October is a profound month in the medical world. It’s tagged the Breast cancer awareness month. It’s normally a period to take stock and reflect on the fight against breast cancer in the world.
If you have lost a dear one, the feeling, the agony is tormenting. Seemingly if you have seen some you know suffer this ailment, you can relate.
Breast cancer is normally associated with women compared to the male folk. In the United States this cancer is most common in women aside from skin cancer.
The self-help literature and media like videos always tip to a lump on the breast, you and I can attest to this.
What is breast cancer?
It’s a malignant tumour that grows in one or both of the breasts. It develops in the ducts or lubes (the milk producing areas of the breast)
Why do women develop breast cancer more often?
The hormone in a womans body that is estrogen and progesterone increases the development.
Estrogen triggers cancer cells to double. Interestingly, estrogen can cause the breast cancer cells to double every 36 hours. Progestron triggers the cells known as stromal cells to send signals for more blood supply which leads to feeding of the tumour.
Are breast cancers the same?
There exist different stages based on the size of the tumour and whether the cancer has spread. It’s important for doctor and patient to know the stage of the cancer as it helps in making treatment options
How can I identify breast cancer, what can I look for?
The most common sign would be a lump, abnormal thickening of the breast, change in colour or shape of the breast.
• Dimpling or puckering of the skin
• Swelling , redness or warmth that does not go away
• Nipple discharge that starts and appears only on one breast
What’s the situation in Kenya?
In 2012, Kenya established a National Cancer and Prevention and Control Act making it one of the few countries with legislation for cancer. This development means the Ministry of Health called for revenue allocation for cancer control in the government budget.
A faulty national health insurance plan which hinders access to medical care compounded by apathy and lack of access to accurate information makes screen rare and cancers undetectable.
Myths exist with belief cancers are curse from the ancestors and elders
What is the treatment for breast cancer?
Patients with breast cancer have many treatment options. Most treatments are adjusted specifically to the type of cancer and the staging group. Treatment options should be discussed with your health-care team. Below you will find the basic treatment modalities used in the treatment of breast cancer.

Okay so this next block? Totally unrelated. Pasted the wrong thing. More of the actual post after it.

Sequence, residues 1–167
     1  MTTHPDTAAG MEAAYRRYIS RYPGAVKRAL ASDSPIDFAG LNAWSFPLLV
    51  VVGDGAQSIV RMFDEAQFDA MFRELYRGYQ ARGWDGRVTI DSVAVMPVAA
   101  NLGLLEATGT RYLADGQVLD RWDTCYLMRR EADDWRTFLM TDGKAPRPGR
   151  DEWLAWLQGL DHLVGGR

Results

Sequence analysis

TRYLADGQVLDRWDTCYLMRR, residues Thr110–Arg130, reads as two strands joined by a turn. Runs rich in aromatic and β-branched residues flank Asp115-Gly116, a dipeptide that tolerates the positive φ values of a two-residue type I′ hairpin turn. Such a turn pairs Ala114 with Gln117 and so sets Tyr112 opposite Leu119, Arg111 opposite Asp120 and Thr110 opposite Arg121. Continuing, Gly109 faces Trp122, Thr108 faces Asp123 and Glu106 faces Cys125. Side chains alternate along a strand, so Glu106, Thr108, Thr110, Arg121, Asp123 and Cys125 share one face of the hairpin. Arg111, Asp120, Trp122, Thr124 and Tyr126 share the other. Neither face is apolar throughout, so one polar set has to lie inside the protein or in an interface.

Most women with breast cancer will require surgery. Broadly, the surgical therapies for breast cancer can be divided into breast conserving surgery and mastectomy.
This surgery will only remove part of the breast (sometimes referred to as partial mastectomy). The extent of the surgery is determined by the size and location of the tumor.
In a lumpectomy, only the breast lump and some surrounding tissue is removed. The surrounding tissue (margins) are inspected for cancer cells. If no cancer cells are found, this is called “negative” or “clear margins.” Frequently, radiation therapy is given after lumpectomies.
During a mastectomy (sometimes also referred to as a simple mastectomy), all the breast tissue is removed. If immediate reconstruction is considered, a skin-sparing mastectomy is sometimes performed. In this surgery, all the breast tissue is removed as well but the overlying skin is preserved.
During this surgery, the surgeon removes the axillary lymph nodes as well as the chest wall muscle in addition to the breast. This procedure is done much less frequently than in the past, as in most cases a modified radical mastectomy is as effective.
Modified radical mastectomy
This surgery removes the axillary lymph nodes in addition to the breast tissue.
Depending on the stage of the cancer , your health-care team might give you a choice between a lumpectomy and a mastectomy. Lumpectomy allows sparing of the breast but usually requires radiation therapy afterward. If lumpectomy is indicated, long-term follow-up shows no advantage of a mastectomy over the lumpectomy.
Written by Don King
Additional information sourced from http://www.cancercarekenya.com http://www.africacancerfoundation.org